How long you’ve been in business may play a role in whether or not you can obtain certain business loans.
Lenders may also consider your total annual sales revenue when seeking some business loans.
The lender will likely want to know how much money you have on hand to cover operating expenses. They may consider you as high-risk if you don’t have any working capital.
Some lenders won’t process a loan unless it comes with a detailed business plan. By providing this, you’ll help show that you’re working to ensure your business has a strong and successful future, one that’s feasible in the eyes of the lender.
The general idea is that lenders want to gauge the likelihood of you being able to repay the loan. Some may even ask for financial statements and tax returns. Before applying for a loan, it’s good practice to ask a lender about what requirements are in place.
It also helps to have the required documentation handy. Before approaching a lender for a business loan, it’s good practice to have the following items ready to roll:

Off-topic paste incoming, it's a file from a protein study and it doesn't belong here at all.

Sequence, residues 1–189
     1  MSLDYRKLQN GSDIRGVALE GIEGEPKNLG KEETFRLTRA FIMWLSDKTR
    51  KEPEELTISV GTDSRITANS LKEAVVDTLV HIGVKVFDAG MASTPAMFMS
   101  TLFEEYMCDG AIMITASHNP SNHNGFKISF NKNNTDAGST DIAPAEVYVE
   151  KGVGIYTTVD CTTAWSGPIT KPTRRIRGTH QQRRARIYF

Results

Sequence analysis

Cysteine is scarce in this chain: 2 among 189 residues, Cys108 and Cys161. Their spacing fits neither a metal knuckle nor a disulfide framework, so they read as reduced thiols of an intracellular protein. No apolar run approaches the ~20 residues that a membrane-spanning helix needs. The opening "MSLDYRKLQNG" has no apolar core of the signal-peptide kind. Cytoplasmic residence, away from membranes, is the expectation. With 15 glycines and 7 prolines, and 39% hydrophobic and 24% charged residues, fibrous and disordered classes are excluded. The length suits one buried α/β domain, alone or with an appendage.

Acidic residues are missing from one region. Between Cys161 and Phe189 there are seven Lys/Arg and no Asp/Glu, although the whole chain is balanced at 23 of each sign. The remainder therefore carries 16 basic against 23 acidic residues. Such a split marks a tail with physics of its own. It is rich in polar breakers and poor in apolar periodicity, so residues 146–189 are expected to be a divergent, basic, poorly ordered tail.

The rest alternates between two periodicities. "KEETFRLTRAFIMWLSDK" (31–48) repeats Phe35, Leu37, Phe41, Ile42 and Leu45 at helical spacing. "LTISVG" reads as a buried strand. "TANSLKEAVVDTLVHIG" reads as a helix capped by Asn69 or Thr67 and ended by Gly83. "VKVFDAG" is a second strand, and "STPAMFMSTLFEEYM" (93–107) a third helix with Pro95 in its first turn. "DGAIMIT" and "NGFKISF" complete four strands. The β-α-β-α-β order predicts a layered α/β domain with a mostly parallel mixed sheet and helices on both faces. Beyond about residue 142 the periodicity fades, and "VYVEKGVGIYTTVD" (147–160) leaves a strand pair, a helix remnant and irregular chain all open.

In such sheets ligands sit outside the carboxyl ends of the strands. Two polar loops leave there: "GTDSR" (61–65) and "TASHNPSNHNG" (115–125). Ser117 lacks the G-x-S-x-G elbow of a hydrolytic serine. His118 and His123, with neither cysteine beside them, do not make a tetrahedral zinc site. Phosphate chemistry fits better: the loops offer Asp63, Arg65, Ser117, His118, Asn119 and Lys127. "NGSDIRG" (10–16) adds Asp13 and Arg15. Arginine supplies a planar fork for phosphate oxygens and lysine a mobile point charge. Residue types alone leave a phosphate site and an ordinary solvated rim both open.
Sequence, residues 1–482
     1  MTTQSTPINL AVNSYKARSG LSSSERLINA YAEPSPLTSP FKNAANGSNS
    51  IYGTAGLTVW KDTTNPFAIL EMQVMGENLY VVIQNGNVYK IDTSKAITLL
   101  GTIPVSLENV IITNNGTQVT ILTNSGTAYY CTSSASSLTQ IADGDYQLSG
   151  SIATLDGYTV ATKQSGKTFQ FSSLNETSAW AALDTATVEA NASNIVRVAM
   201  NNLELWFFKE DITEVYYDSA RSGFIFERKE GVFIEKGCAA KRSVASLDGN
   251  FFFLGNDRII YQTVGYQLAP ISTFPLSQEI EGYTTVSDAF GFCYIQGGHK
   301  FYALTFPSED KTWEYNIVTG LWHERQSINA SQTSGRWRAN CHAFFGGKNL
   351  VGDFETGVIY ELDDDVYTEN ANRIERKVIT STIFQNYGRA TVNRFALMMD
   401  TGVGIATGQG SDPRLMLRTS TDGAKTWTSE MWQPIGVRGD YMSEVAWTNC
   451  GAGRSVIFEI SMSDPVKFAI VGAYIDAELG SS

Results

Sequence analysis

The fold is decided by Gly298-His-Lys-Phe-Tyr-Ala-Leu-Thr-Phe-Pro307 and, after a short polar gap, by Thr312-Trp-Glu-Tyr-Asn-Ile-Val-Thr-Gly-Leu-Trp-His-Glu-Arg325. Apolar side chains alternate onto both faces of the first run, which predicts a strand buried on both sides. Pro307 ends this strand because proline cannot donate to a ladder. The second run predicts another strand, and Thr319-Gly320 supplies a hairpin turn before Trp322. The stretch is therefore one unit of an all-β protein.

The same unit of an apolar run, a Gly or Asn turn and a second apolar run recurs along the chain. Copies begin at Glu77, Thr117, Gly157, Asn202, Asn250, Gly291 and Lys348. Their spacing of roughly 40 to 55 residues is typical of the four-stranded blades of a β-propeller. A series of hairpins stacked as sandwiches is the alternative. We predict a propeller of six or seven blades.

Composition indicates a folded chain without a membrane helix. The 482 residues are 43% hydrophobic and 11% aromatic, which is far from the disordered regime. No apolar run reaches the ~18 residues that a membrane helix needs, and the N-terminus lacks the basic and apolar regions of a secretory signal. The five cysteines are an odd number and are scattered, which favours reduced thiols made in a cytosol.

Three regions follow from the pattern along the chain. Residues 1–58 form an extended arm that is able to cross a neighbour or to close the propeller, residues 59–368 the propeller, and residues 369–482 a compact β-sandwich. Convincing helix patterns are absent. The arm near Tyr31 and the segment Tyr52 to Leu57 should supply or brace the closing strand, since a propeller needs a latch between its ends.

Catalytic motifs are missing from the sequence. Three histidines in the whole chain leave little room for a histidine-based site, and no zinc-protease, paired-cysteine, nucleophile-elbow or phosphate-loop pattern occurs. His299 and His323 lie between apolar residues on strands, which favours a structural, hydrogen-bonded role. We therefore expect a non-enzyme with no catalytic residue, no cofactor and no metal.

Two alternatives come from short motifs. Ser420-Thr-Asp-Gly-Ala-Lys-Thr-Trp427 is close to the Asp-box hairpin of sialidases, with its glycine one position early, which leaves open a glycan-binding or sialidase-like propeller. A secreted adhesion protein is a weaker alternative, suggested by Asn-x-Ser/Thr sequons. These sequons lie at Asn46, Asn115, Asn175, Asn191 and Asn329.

A helpful lender can shed more light on any additional documentation their financial institution may require, or help guide you on the best loan option for your business.
Just as important as narrowing down which type of business loan is right for you, you should have an actionable and achievable plan to pay it back. Consider factors that could impact your cash flow, such as fluctuating inflation, natural disasters, supply chain disruptions and seasonal slowdowns.
Your lender will help you determine what your monthly business loan payments will be. In the meantime, estimate your payments with this easy calculator:
Calculate a Business Loan Payment
Repayment of a business loan requires that the borrower make a monthly payment back to the lender. That monthly amount includes a partial repayment of the loan principal, plus monthly interest on the outstanding balance. Loan payments are amortized so that your monthly payment remains the same during the repayment period, but during that time, the percentage of the amount that goes towards principal will increase as the outstanding loan balance decreases.